Wednesday, June 13, 2012

Mountain Palace of the Lion Rock 'Sigiriya'

Travelers are the luckiest people on earth - for they dare leave the comforts of their homes and move about in unknown lands, with people speaking unkonwn langauages. But the avid and determined travelers find their way out and reach out to places either never visited or least visited, besides favourite travelling sites.

The Mountain Palace of the Sigiriya Sigiriya [Lion Rock]
Of the least traveled sites, though well traveled by the locals for their religeous belifes, is the Mountain Palace of Sigiriya Sigiriya in Sri Lanka. 'Sigiriya Sigiriya' in local language means the 'Lion Rock.' Well if you see the majestic rock mountain, one can get the feeling of awe as when sees a jungle lion.

The Sigiriya rock is a hardened magma plug from an extinct and long-eroded volcano. It stands high above the surrounding plain, visible for miles in all directions. The rock rises approximately 370 m (1,214 ft) above sea level with sheer falls on all sides, in many places overhanging the base.

The Palace of Lion Rock is the remains of an ancient mountain fortress situated in central Matale district in Sri Lanka. What remains of the once mighty fortress is still a favourite toruist attraction for those interested in mystique places. Sigiriya is also known for its ancient images-paintings.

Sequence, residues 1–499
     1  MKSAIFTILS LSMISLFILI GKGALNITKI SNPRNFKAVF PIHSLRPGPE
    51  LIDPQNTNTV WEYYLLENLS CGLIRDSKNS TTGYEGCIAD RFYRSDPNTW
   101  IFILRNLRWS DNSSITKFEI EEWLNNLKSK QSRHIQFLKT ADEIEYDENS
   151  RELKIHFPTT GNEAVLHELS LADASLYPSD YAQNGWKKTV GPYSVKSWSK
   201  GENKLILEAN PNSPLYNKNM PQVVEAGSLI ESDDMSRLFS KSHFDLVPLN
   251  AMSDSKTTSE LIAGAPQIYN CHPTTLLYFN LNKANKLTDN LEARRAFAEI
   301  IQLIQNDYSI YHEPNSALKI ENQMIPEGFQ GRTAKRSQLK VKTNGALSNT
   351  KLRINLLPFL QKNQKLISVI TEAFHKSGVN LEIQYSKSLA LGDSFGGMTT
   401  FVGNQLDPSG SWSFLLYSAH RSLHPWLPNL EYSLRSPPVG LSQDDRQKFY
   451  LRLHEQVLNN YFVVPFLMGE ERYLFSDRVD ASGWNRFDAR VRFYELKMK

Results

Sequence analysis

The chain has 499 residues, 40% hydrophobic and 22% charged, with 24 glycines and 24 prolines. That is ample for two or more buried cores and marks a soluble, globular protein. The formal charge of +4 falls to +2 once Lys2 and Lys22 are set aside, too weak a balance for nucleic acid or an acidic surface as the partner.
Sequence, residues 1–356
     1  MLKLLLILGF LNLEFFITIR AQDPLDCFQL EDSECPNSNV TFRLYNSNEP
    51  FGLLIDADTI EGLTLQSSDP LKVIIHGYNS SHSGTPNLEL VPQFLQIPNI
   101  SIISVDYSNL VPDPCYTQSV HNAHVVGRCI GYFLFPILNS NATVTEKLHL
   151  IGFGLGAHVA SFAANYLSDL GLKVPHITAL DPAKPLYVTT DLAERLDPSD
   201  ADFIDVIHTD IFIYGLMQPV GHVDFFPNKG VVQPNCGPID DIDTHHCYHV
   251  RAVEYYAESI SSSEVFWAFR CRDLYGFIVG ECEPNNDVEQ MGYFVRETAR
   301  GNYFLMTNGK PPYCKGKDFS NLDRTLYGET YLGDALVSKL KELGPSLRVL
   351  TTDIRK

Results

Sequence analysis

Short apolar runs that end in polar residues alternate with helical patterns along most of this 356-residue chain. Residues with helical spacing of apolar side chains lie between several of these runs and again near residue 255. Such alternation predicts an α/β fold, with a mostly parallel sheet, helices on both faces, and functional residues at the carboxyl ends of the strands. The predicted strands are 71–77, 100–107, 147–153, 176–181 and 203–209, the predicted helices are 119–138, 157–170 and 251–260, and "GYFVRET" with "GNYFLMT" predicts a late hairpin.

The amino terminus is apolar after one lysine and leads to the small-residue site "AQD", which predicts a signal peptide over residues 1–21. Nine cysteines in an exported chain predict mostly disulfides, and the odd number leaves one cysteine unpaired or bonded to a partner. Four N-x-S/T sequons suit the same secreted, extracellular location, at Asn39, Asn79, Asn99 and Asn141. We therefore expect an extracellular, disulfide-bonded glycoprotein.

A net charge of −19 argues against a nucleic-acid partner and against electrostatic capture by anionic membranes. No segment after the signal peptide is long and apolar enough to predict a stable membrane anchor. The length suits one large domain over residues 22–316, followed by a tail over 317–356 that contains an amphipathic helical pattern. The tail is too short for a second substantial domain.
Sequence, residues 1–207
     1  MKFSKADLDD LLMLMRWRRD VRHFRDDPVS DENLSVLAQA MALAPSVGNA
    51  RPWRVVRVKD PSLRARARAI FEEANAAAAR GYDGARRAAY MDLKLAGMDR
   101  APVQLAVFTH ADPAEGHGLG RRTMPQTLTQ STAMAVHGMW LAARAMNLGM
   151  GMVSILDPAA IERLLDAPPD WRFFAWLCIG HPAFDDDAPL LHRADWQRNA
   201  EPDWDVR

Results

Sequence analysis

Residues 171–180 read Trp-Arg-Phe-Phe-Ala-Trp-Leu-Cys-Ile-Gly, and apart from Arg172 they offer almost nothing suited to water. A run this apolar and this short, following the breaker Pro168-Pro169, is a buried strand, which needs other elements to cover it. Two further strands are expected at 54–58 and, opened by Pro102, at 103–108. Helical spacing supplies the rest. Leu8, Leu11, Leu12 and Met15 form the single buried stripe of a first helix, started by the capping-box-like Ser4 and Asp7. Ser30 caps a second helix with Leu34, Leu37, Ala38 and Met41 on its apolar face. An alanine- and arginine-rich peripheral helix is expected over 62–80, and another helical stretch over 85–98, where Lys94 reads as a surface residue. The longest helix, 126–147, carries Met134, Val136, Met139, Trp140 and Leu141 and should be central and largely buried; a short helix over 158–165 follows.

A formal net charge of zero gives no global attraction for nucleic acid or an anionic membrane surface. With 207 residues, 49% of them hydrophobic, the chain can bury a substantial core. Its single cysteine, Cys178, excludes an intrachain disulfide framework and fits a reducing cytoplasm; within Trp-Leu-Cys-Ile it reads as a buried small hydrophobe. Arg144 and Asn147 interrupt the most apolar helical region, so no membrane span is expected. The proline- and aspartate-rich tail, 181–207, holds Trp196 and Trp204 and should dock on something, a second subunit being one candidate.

The Lion's Paws constructed at the entrance of the Palace
The fortress was built during the reign of King Kasap I (477 - 495 AD). But after his death, the palace was turned into a monastery that continued till the 14th century, when it was abandoned and left to the winds of nature. The original entrance to the palace had lion’s head, that is, to get into the palace, it was necessary to go through the open mouth! Unfortunately, time has not spared as a unique gateway. Now only the lion paws as seen above remain.

There are many paintings, murals and other craft work inside the palace. Although much of the art work has been lost to the time and pilferage, some paintings and murals still survive as shown above.

The Mountain Palace of the Lion Rock is now one of the seven world heritage sites in Sri Lanka. The desolate fortress is now surrounded by the remains of an extensive network of gardens, pools and other structures, which speak volumes of the aesthetics and innovative architectural knowledge of the people centuries ago.

Now watch a video of the Mountain Palace of the Lion Rock that I found on YouTube [shared by Kasshapa]

Photographs Source: Funzug
Paintings Source Courtesy: Viola (Read more about history of the Mountain Palace)